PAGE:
BAC to the Future

Well Bank of America is no longer a ward of the state. Score one for the bankers.

Bank of America announced yesterday that they are paying back the entire $45 billion in TARP funds they received from the Treasury last year. In the depths of last winter, there we some question as to whether Bank of America could survive. Now they plan to sell assets and boost their equity by selling restricted stock and senior debt.

So with America’s biggest bank no longer in-the-hole to Treasury, can we say the crisis is over? I don’t think so. While the Dubai tempest-in-a-teapot is not systemically important, it does show that there’s still a hangover from the mid-decade building boom. Seriously, indoor ski-hills in the desert just don’t make economic sense. And fallout from stupid bubblelicious building projects is likely to be with us for a while.

But the larger lesson is this: illogical pro-cyclical accounting rules combined with collective insanity turned a real-estate correction into a full-fledged financial panic. Timely intervention by the Federal Reserve and Treasury stemmed this panic and allowed the economy to stabilize. It’s no surprise that the market bottomed right around the time that the major banks submitted to a stress test. When the banks showed they were solvent, the market recovered.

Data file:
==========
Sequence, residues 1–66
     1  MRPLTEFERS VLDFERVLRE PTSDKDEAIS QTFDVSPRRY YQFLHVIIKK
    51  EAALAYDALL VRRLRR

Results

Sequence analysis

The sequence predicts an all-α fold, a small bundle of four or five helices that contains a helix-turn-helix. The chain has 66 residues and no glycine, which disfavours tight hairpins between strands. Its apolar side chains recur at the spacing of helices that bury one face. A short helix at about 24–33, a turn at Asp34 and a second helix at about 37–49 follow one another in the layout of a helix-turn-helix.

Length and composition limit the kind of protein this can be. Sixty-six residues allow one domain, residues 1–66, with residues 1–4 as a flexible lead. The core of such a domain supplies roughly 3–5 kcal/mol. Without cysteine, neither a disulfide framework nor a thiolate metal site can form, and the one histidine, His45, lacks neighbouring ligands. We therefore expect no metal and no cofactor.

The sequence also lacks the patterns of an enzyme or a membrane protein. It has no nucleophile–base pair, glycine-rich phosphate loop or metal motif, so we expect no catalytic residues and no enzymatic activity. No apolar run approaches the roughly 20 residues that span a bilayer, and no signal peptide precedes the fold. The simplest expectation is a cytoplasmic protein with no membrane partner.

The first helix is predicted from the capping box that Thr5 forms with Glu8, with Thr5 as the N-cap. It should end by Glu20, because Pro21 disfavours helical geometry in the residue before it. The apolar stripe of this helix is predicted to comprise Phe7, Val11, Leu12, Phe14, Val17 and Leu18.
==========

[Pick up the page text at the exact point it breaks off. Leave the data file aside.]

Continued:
As Congress now debates financial reform, it’s important to remember: hard cases make bad laws. And sometimes we all just need time to calm down.

Douglas R. Tengdin, CFA
Chief Investment Officer
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